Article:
¨Huh, I had the same reaction as HSBC. Isn’t it awful how the first reaction is “wow, amazing” and the second “wow, wonder what those amazing idjits the [insert pertinent crackpot species here] make of this”. They do train us well with their persistent habituation, don’t they? – “Sit up, roll over, please play intellectually dead. Good reader!” As far as this, again truly amazing, data goes all my personal ideas just failed testing. No twisted jets would have come out of that mess. So good riddance! And now for some new mess. It will be pitiful for the experts, but hey, I must make a passing for now mental model or play as dead as those crackpots… Read more »
SteveZodiac
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SteveZodiac
March 12, 2010 5:34 AM

Torbjorn, I like the reconnection idea, from what little I know of Gamma Ray bursts magnetic fields seem to be strongly implicated. The sheer strength of the fields in these cases would result in an almighty release of energy from any reconnection events.

DrFlimmer
Member
DrFlimmer
March 12, 2010 6:06 AM
Ah, my favorite topic of astrophysics. Great read, very interesting article, thanks Jean!! Reconnection is likely involved, since it is a nice mechanism to transform magnetic energy into kinetic energy. However the field strength are not that “high” in a jet. IIRC, normally one talks about a few Gauss or less. That’s far less than what you need for the LHC (~5 Tesla). In fact, if the particles in the jet are fast enough, they can collimate themselves quite nicely due to relativistic effects. I have read a nice review recently by H. Spruit. It deals with jets, the launching mechanism and the problems involved. Very interesting: http://arxiv.org/abs/0804.3096 If the jets really kink and bend rather quickly, I… Read more »
Aodhhan
Member
Aodhhan
March 12, 2010 7:57 AM

Because I really want to believe (really badly)not only can massless particles exceed the sped of light, but things with mass can as well… I’m going to speculate we cannot see/detect the gamma rays until they are so far out, because they are exceeding the speed of light!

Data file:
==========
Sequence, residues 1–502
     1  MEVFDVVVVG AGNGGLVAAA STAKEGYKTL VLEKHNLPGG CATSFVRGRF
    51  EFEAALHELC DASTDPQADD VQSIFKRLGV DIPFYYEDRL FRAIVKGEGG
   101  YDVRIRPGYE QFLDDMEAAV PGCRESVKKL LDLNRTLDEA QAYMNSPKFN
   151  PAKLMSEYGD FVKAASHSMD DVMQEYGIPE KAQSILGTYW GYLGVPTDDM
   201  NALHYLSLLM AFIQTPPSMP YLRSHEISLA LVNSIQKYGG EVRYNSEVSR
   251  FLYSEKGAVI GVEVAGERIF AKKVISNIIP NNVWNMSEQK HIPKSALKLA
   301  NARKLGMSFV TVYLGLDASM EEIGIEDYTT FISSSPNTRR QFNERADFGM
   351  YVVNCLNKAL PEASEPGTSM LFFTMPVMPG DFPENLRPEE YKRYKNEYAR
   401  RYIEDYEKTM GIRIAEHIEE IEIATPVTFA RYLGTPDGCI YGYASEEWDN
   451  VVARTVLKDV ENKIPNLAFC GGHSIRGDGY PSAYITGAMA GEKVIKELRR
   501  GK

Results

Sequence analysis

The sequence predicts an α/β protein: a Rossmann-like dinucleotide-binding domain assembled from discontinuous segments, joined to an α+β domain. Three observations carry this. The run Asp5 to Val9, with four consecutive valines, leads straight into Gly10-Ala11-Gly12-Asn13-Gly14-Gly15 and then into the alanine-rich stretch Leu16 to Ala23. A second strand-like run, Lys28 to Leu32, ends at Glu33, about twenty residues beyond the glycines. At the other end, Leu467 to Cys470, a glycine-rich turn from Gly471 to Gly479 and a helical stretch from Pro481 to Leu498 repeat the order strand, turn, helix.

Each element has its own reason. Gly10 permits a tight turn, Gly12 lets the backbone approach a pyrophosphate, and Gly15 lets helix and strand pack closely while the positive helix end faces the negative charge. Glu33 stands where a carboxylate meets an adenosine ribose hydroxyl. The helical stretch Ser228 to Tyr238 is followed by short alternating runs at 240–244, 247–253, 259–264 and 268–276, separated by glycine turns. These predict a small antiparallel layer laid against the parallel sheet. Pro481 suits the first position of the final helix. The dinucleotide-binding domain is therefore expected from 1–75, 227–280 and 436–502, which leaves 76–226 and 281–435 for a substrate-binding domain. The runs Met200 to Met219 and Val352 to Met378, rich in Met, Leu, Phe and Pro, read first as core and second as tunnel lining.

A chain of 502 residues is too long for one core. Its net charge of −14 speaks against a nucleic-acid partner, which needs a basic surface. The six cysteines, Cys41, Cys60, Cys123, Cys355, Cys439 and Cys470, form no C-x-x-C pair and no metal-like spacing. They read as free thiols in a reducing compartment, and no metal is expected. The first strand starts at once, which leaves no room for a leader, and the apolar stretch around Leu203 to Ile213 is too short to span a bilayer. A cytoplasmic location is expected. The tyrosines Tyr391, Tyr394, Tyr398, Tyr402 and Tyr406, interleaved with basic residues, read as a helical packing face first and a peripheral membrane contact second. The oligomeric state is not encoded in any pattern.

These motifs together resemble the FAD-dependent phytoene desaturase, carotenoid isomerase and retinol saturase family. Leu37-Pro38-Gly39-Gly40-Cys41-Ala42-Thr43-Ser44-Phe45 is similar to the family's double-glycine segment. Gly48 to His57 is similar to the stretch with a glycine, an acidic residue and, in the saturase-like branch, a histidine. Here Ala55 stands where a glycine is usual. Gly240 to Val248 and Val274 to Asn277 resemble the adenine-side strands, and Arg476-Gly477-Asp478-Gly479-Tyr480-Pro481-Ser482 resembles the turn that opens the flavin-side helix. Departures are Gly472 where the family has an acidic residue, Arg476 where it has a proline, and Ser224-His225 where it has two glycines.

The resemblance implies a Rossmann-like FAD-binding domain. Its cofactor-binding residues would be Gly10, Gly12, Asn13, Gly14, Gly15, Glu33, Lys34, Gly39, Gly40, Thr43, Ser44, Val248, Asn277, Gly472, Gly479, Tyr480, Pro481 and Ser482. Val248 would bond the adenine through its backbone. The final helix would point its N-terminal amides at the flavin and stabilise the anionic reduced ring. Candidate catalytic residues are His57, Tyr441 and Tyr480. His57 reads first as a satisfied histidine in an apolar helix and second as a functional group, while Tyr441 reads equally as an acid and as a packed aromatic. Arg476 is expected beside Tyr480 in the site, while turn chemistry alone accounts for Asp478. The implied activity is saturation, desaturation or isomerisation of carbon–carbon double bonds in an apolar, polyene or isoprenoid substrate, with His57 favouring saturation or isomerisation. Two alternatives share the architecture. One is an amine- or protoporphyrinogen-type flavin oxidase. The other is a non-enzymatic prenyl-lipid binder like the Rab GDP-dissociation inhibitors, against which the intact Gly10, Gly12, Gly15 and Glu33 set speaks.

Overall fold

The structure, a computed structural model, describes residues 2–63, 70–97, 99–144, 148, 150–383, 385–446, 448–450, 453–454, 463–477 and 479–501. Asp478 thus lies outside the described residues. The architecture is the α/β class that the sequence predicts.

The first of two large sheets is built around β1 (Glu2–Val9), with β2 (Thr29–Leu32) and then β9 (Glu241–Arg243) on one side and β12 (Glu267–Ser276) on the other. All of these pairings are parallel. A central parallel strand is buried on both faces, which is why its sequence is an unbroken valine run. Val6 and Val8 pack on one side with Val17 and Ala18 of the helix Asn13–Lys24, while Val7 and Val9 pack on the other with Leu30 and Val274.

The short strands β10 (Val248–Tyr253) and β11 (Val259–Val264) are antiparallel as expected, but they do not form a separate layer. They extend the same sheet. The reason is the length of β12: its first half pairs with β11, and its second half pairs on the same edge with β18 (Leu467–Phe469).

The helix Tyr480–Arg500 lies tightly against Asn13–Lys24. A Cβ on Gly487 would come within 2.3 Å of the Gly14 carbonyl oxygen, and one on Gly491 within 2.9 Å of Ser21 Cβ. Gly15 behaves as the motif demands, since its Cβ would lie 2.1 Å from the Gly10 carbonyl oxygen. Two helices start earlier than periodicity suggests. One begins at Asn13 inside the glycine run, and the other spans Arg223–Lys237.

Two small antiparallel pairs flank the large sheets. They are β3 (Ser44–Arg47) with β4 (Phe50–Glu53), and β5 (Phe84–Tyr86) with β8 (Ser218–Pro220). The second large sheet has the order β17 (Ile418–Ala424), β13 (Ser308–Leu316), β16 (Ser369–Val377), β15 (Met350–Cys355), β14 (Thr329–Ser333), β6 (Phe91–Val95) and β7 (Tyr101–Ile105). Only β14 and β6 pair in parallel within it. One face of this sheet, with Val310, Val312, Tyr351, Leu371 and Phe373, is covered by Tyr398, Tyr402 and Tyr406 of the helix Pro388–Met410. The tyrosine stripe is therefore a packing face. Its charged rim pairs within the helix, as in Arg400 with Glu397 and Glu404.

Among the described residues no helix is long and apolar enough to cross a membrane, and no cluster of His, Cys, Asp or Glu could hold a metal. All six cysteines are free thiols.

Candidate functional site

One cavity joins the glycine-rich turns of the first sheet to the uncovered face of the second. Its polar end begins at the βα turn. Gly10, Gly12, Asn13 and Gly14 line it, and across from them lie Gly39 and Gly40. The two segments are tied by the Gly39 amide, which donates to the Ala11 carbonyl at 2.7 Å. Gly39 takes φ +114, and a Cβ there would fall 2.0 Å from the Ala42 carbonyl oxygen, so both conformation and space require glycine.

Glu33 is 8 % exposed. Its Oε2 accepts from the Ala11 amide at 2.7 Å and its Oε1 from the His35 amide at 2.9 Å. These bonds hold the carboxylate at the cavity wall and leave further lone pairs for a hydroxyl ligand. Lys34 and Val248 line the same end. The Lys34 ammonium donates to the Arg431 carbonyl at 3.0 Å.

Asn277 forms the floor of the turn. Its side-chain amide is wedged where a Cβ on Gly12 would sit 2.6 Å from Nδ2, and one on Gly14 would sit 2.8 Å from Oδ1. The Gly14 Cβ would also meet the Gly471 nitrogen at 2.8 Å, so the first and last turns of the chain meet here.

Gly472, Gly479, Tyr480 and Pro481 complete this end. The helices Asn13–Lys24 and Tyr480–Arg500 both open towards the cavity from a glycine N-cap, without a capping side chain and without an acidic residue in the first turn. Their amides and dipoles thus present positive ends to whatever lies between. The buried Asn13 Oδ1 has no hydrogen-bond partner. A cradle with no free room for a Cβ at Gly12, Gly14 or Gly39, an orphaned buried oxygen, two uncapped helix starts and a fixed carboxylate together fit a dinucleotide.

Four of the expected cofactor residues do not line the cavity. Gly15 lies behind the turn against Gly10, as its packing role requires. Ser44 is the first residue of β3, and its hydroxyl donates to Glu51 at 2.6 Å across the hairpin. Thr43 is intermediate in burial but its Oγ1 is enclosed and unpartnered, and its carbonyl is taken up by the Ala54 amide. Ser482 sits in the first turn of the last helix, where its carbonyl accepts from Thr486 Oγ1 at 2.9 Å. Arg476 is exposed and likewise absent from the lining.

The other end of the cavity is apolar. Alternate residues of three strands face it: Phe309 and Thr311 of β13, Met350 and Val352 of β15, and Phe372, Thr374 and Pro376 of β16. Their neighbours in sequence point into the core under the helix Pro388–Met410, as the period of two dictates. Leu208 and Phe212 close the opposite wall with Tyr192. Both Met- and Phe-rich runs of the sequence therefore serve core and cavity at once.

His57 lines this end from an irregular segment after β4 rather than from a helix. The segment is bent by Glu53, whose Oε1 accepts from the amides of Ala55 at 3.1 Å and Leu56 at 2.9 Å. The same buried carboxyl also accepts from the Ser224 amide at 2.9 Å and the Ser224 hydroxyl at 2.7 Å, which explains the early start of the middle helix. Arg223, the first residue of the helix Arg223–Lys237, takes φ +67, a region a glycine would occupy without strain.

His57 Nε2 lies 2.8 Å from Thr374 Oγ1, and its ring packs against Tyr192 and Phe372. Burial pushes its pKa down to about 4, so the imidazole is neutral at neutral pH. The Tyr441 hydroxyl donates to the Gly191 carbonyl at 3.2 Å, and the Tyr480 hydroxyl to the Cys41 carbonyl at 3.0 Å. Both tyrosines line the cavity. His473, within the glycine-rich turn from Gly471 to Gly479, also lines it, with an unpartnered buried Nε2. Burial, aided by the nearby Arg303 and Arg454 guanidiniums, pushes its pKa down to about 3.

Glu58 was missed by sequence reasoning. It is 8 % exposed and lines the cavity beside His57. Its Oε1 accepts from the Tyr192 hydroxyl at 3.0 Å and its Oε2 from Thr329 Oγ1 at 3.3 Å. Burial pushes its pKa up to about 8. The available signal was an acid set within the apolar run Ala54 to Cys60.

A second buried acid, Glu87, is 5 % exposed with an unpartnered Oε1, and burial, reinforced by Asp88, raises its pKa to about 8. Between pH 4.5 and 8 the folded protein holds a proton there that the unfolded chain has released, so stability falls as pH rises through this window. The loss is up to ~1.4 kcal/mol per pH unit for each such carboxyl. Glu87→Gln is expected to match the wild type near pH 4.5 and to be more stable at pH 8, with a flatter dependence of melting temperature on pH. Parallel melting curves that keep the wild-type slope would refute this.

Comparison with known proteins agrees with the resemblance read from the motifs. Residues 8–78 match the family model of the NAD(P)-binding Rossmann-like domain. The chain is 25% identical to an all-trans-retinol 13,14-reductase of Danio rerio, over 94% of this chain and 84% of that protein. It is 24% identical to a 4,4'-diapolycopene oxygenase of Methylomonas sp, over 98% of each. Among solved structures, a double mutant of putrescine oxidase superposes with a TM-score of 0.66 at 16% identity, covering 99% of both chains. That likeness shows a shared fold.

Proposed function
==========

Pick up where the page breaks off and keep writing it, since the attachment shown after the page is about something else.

…however as a realist, there is something in my gut telling me not to be shocked if it isn’t due to the massive gravity around a black hole which is bending space time. Since it would be opposite the principle of something falling into it.

DrFlimmer
Member
DrFlimmer
March 12, 2010 8:09 AM
@ Aodhhan: What exactly do you want to say? 1) NOTHING can exceed the speed of light. It’s really that simple. 2) It is not simple for a black hole (no matter how massive it is) to suck down matter. Every piece of matter approaching a black hole has angular momentum with respect to the black hole. In order to fall into the BH, the angular momentum must be taken away, which is a VERY hard task! Friction alone in an accretion disk does not do the job! You need other things. Jets are a possibility. So, a jet and highly relativistic particles streaming away from a black hole is natural and necessary. People have a hard time… Read more »
Aqua4U
Member
March 12, 2010 11:33 AM

Great to hear of worldwide co-operation of any sort!

Ahh So… model also represents the nucleus of an atom? or center of a star? or center of a globular cluster? or center of a galaxy? or center of? NOW I’m starting to see ….fractal cosmology?

solrey
Member
March 12, 2010 11:46 AM
1) NOTHING can exceed the speed of light. It’s really that simple. There is experimental evidence of superluminal speed. An ultrawideband electromagnetic pulse transmitter initiated by a picosecond laser In order to increase the energy of photoelectrons, a high-transparency metal mesh to which a voltage was applied was mounted near the reflector surface. Electrons accelerated in the interelectrode gap penetrate into the space behind the mesh anode, where they form a current pulse normal to the mesh surface. The front of the photoelectron current runs along the anode surface with faster-than-light (superluminal) speed and provides the in-phase summation of radiation fluxes from elementary sources. And this: Superluminal pulse transmission through a phase-conjugating mirror As for astrophysical jets, the… Read more »
Al Hall
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Al Hall
March 12, 2010 9:26 AM

DrFlimmer Says:
“1) NOTHING can exceed the speed of light. It’s really that simple.”